Survival Day

‘Australia Day’ has been and gone, however we should remember that the day is not a celebration for all people.

For many Aboriginal and Torres Strait Islander people, Australia day comes with mixed feelings of sadness, grief, loss and also feelings of pride and resilience, because the day marks the invasion of land occupied by Aboriginal and Torres Strait Islander people, by British colonizers. This is why the day has been given alternative names, such as “Invasion Day” and “Survival Day”, and why there has been a growing push from the Australian public to have the date for celebrating Australia moved to another, more inclusive date.

Nakkiah Lui, a Gamilaroi and Torres Strait Islander actor and playwright, wrote an opinion piece in the Guardian explaining why she refused to celebrate the day but instead viewed it as a day of mourning. “We mourn the declaration of Australia as terra nullius (land that belongs to no one) as well as those who have died in massacres, those who were dispossessed of their land and homes, those who were denied their humanity, those who were shackled, beaten, sent to prison camps, and made to live in reserves.”(What’s in a name?)

At Bonnie’s, we are aware that an Aboriginal woman is 35 times, yes THIRTY-FIVE times, more likely to be hospitalised due to family violence, compared to non-Aboriginal women. If she lives in a rural or remote area, she is FORTY-FIVE times more likely to experience domestic violence than a white woman in the same area.

We understand the connection between these exorbitantly high rates of brutal violence against Aboriginal and Torres Strait Islander women and children and the impacts of colonization. We understand that just like toxic masculinity, which is premised on notions of male superiority over women, racism will have you believe that one group of people and/or their culture is superior to another. We don’t accept toxic masculinity or racism at Bonnie’s: we work with a vision of equality and respect between all humans.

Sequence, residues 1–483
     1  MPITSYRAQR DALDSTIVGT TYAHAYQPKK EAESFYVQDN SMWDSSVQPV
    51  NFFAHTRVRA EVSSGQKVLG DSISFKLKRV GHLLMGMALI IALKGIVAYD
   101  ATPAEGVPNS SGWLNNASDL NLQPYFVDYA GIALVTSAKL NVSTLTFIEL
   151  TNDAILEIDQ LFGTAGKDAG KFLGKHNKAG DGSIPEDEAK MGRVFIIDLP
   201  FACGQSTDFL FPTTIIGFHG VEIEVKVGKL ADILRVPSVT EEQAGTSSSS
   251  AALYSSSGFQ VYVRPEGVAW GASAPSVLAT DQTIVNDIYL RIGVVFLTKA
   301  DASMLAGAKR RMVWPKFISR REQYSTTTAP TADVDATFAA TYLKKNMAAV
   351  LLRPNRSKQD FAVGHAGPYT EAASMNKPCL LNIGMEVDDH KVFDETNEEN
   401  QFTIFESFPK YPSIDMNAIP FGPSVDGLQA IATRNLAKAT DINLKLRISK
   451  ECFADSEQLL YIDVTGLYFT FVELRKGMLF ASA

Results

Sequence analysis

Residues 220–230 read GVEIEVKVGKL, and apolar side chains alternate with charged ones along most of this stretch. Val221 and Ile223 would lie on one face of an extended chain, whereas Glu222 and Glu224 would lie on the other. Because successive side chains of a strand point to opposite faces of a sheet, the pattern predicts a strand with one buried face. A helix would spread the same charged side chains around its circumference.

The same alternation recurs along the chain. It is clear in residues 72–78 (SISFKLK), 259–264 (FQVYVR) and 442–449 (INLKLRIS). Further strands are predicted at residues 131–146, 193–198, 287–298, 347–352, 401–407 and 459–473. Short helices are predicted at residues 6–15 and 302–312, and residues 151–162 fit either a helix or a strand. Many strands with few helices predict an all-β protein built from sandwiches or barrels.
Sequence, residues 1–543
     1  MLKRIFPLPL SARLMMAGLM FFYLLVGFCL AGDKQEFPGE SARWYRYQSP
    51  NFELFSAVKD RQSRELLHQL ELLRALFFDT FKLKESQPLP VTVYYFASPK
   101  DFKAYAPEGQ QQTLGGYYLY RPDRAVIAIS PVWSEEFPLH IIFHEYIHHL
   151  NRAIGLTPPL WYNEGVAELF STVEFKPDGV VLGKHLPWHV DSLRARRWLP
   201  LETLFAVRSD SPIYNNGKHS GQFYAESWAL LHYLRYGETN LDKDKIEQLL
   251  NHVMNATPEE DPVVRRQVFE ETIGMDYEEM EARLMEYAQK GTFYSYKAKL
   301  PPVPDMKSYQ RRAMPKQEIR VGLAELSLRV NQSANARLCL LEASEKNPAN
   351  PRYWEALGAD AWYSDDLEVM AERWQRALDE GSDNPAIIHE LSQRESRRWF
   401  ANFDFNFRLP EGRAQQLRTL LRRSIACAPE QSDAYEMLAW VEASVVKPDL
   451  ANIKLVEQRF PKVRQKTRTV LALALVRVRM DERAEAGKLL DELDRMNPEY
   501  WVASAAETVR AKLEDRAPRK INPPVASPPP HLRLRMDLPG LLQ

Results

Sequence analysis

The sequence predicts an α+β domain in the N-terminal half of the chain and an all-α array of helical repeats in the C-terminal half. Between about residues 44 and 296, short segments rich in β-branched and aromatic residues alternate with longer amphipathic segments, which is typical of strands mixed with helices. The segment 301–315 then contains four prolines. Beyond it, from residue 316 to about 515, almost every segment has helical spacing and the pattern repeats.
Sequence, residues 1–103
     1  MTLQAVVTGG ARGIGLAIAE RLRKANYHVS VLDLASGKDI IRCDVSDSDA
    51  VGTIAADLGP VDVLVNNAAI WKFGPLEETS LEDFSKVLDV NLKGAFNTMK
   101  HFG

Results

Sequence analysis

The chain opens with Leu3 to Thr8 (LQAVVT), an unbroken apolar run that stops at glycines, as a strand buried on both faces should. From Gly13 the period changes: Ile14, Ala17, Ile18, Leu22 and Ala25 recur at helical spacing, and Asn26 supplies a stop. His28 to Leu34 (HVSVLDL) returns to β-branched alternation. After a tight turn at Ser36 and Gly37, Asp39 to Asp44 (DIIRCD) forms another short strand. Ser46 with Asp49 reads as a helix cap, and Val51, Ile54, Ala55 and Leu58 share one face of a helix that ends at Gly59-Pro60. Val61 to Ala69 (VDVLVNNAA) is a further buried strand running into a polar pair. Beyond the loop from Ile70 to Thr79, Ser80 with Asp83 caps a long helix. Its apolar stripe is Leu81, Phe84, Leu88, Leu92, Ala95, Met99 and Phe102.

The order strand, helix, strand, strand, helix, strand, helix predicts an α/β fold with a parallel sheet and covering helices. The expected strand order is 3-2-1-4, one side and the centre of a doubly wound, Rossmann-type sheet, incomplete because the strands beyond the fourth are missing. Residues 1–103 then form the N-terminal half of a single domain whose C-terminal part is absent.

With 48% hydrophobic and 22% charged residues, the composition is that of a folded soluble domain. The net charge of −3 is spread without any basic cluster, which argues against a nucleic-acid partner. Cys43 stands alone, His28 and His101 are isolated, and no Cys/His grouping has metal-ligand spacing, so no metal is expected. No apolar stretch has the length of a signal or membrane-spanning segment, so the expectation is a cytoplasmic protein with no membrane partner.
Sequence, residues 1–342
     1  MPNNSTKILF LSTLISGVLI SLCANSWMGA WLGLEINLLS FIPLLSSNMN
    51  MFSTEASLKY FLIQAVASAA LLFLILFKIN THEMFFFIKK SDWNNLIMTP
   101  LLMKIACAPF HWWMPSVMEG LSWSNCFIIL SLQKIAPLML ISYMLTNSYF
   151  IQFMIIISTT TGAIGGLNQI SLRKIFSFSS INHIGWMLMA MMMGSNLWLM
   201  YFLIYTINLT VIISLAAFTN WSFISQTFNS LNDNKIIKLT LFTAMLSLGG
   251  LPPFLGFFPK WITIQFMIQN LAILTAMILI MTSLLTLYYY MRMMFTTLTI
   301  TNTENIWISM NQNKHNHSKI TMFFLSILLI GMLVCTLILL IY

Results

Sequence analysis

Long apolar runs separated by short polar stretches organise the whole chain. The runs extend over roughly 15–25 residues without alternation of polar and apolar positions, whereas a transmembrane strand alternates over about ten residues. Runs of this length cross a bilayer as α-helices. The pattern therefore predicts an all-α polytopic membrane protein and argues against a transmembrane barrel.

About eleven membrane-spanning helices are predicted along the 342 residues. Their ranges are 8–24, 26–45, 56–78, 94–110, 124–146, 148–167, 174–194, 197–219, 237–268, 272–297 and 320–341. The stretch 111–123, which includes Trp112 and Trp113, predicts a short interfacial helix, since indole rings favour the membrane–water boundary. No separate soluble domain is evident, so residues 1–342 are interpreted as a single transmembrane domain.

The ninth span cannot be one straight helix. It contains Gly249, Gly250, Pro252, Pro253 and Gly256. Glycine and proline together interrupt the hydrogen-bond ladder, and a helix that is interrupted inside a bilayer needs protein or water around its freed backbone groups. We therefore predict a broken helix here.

Aboriginal and Torres Strait Islander cultures have survived. Aboriginal and Torres Strait Islander cultures are thriving. Aboriginal and Torres Strait Islander women are fighting back and refusing to be treated with disrespect. Aboriginal and Torres Strait Islander men are also challenging gender norms and healing. At Bonnie’s we wholeheartedly commend and support resistance to racism and misogyny, whilst actively doing our part to challenge the systemic factors that feed racial and gender oppression.

This Survival Day we acknowledged the SURVIVAL of Aboriginal and Torres Strait Islander cultures alongside our Aboriginal and Torres Strait Islander brothers and sisters.

You can join with your Aboriginal and Torres Strait Islander brothers and sisters to honour resilience and to ensure that our nation’s history is not “white-washed”. National Indigenous Television has a variety of great programs screening and for more information about Aboriginal and Torres Strait Islander cultures, Creative Spirits have many online resources to look through.

Whatever you chose to do on the 26th of January, I hope it was a relaxed, safe, respectful and inclusive of ALL Australians.

Written by Catherine

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